There are a lot of online resources that allow you to study games. The web is full of valuable resources on how people made their games including postmortems which highlight what went right, what went wrong and what they learned. These are invaluable as you try to better understand what others did and how to be successful in your own game. One of the best resources for postmortems is on Gamasutra. They have a dedicated section to postmortems and you'll find some very popular games have all gone through and have outlined the development process.
There's a lot you can learn from reading these and it'll help you when building your own game as well. And finally, when you come across an article about a game that you really like or when the developer mentions something that went wrong that the wish they could have corrected, make sure to save that and put it in your own notebook as well.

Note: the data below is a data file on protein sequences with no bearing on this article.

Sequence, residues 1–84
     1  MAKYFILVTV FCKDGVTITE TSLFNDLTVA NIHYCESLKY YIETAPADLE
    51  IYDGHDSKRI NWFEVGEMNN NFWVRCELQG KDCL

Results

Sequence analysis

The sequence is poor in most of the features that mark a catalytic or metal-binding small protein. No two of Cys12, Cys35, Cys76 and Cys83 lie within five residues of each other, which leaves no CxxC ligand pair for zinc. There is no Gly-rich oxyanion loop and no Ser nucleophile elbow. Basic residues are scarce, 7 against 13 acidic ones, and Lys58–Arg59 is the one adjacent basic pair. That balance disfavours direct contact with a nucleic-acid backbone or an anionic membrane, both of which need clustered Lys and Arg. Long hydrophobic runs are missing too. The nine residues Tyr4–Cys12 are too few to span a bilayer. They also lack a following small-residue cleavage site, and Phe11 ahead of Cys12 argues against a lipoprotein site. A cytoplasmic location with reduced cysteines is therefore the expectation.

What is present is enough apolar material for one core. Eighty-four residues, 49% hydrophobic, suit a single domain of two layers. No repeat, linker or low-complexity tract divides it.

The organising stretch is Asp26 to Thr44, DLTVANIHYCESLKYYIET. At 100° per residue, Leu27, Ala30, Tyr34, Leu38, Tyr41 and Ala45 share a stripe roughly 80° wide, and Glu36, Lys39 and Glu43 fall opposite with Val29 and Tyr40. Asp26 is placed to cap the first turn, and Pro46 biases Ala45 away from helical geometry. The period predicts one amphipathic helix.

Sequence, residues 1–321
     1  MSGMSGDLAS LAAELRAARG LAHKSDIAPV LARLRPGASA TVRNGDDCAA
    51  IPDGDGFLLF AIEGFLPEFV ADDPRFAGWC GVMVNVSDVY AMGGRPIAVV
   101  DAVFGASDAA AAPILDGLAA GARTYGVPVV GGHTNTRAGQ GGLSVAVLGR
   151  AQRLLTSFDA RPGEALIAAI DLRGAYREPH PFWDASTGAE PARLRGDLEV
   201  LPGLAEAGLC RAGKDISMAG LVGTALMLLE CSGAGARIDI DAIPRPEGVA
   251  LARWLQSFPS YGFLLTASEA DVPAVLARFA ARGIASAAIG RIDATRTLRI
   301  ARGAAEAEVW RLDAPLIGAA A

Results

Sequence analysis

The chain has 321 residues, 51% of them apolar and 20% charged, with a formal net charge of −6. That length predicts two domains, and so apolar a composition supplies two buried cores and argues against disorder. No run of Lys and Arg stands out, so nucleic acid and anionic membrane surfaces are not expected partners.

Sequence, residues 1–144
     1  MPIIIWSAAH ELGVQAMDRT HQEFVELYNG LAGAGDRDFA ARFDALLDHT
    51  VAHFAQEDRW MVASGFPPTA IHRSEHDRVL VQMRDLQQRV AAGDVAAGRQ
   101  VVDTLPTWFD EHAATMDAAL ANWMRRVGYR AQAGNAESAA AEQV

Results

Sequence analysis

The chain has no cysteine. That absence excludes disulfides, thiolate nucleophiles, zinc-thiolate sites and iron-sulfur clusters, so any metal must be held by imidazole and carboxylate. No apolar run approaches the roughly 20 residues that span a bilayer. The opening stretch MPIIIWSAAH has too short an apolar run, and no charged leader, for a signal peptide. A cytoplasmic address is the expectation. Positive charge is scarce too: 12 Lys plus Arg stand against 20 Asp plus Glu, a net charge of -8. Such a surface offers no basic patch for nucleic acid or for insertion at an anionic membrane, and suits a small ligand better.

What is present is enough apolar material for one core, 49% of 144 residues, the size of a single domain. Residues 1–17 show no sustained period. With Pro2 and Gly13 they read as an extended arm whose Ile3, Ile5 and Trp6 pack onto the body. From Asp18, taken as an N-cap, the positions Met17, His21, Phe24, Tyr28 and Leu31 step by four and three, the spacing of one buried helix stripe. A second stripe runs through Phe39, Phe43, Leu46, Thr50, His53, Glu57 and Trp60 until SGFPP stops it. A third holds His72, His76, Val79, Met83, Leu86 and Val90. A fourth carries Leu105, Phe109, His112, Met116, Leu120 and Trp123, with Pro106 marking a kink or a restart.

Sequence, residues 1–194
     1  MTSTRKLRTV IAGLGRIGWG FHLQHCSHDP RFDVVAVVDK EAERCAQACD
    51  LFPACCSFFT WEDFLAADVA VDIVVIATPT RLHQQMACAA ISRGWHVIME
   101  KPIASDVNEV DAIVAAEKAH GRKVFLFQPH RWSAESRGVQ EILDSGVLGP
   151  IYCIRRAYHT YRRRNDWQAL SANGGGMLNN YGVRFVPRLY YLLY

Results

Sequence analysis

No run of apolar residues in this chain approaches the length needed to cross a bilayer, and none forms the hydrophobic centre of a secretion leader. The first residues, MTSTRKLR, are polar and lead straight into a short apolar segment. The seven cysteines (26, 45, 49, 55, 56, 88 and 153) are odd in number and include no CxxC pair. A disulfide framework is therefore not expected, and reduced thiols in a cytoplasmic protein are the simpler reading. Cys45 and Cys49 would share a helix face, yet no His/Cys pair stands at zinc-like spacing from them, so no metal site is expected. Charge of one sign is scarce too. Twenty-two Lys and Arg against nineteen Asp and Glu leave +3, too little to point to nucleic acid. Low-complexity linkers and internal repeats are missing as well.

- Picking a framework
- Playing more games
- Documenting your ideas
- Getting feedback
- Prototyping a game
- Polishing and optimizing your game
- Publishing and marketing your game